Pola Oloixarac’s Mona (translated from Spanish by Adam Morris) is a devastating and harrowing satire of the literary world, an alternately hilarious and piercing examination of the culture surrounding books. Mona Tarrile-Byrne is a young Peruvian novelist nominated for a prestigious literary award, the Basske-Wortz Prize. She spends a weekend in Sweden with the other nominees as readings, talks, and convivial commiseration lead up to the announcement of the winner. A multinational cadre of writers weave in and out of Mona’s Valium- and Ambien-tinted experience over the few days that Mona temporarily leaves behind her ordinary life. Continue reading…

The Dangers of Smoking in Bed by Mariana Enriquez | Tasteful Rude

Stepping into a Mariana Enriquez story, everything at first appears normal: people, furniture, lighting; it’s all there; nothing’s amiss. Yet an undeniable disquiet pervades. You don’t know why exactly, but you are certain something is wrong. Eventually and invariably, you discover that you are right. Though she has been publishing fiction and journalism for nearly thirty years in her native Argentina, so far only two books have been translated from their original Spanish into English: Things We Lost in the Fire and now The Dangers of Smoking in Bed. They are both story collections in which the oxymoronic phrase “magic realism” manifests to an extreme. They feature ghosts, witches, curses and cannibals while being equally rife with sexual violence, juntas, self-harm, and all manner of vividly rendered trauma. Continue reading…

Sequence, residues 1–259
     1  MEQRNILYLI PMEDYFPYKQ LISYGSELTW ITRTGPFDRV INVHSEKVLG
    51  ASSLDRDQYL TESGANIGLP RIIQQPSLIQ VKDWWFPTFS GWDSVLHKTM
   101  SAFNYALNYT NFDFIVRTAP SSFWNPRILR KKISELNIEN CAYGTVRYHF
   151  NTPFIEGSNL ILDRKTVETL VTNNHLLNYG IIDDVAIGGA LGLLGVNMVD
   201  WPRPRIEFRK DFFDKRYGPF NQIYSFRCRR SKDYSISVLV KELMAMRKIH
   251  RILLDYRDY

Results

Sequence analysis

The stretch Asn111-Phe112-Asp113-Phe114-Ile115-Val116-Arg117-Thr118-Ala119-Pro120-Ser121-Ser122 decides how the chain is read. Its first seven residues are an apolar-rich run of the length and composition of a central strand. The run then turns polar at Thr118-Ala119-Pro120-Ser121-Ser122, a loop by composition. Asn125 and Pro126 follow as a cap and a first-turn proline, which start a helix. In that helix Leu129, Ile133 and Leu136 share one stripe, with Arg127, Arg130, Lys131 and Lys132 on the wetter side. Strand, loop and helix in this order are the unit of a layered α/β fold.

HurricanecoverHurricane Season by Fernanda Melchor | On the Seawall

Hurricane Season begins,  appropriately, with boys. Here is the first line: “They reached the canal along the track leading up from the river, their slingshots drawn for battle and their eyes squinting, almost stitched together, in the midday glare.” These boys, mere children, are already immersed in a culture of violence, ready for some imaginary battle their world tells them to prepare for. None of them “would dare admit he was scared,” as the others, even if they were afraid, would make merciless fun of him. These boys are the ones who find the Witch’s body. Continue reading…